6. 6. B. ANTHROPOGENIC FACTORS Inappropriate drainage system natural drainage lines on slopes are blocked by terracing/ contour bounding Cutting and deep excavations on slopes for buildings, roads, canals and mining modification of natural slopes, blocking of surface drainage, loading of critical slopes and withdrawal to toe support Change in slope/ land use pattern, deforestation, settlements, agricultural practices on steep slope. C. HUMAN ACTIVITIES Deforestation, Cultivation and Construction when destabilize the already fragile slopes. Vibrations from machinery or traffic, blasting, Construction. In shallow soils, the removal of deep-rooted vegetation that binds colluviums to bedrock. Landslides occurs when several factors converge:-
  7. 7. Landslides destroys everything and anything that comes in their path. Roads Rail lines Lines of communication Settlements River flows/ Damming Agricultural production Land area Flooding Water availability, quality and quantity Flora and Fauna Fatalities depends on the place and time of occurrence. Estimated casualties per year, world-wide: 600 - 1000 persons. HOTSPOTS Anywhere with steep slopes and weathering High mountain ranges, sheer cliffs, and steep sided river valleys Where volcanoes erupt and along coasts
  8. 8. EXAMPLE S
  9. 9. Springs, seeps, or saturated ground in areas that have not typically been wet before. New cracks or unusual bulges in the ground, street pavements or sidewalks. Soil moving away from foundations, and ancillary structures such as decks and patios tilting and/or moving relative to the house. Sticking doors and windows, and visible open spaces. Broken water lines and other underground utilities. Leaning telephone poles, trees, retaining walls or fences. Sunken or dropped-down road beds. Rapid increase in a stream or creek water levels, possibly accompanied by increased turbidity (soil content). Sudden decrease in creek water levels even though rain is still falling or just recently stopped.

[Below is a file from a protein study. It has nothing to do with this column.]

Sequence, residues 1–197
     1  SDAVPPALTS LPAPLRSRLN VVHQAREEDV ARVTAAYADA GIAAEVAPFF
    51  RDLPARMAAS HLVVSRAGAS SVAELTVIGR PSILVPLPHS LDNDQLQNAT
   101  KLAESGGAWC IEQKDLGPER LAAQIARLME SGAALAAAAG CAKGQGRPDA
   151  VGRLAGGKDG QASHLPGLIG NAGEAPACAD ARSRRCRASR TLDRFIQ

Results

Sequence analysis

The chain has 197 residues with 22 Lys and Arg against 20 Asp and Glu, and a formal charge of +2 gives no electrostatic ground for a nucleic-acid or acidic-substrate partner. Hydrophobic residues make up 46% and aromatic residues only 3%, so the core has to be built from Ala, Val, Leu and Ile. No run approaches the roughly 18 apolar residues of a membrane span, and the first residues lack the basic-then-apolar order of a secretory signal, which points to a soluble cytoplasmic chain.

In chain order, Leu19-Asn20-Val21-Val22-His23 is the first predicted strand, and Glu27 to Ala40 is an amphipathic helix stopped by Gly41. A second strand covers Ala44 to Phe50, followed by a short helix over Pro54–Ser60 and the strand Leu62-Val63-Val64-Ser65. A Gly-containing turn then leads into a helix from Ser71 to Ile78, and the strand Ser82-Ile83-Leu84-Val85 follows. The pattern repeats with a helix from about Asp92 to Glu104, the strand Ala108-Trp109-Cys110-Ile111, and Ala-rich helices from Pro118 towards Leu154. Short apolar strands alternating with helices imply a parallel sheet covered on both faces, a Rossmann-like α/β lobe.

10. 10. Prevent landslides and neighborhood drainage problems in landslide prone areas:- Water is the most common cause of unstable slopes, landslides, and erosion. Check your home's drainage system. Maintaining the drainage system on private property is the owner's responsibility. Make sure your drainage system directs water away from your foundation and not on to your neighbor's property. Never discharge water over the side of a steep hill. Clean your gutters and downspouts. Check your gutters once a week during fall and winter. Just one wind or rainstorm can clog a well-flowing drainage system. Clean your gutters and downspouts. Check your gutters once a week during fall and winter. Just one wind or rainstorm can clog a well-flowing drainage system. In general, trees and plants with strong root structures help prevent soil erosion but do not prevent landslides Never block any part of the city's drainage system. Do not put leaves, dirt, grass clippings, or any materials in ditches, culverts, or drains. Doing so can cause flooding. It is against the law to dump any material into the drainage system.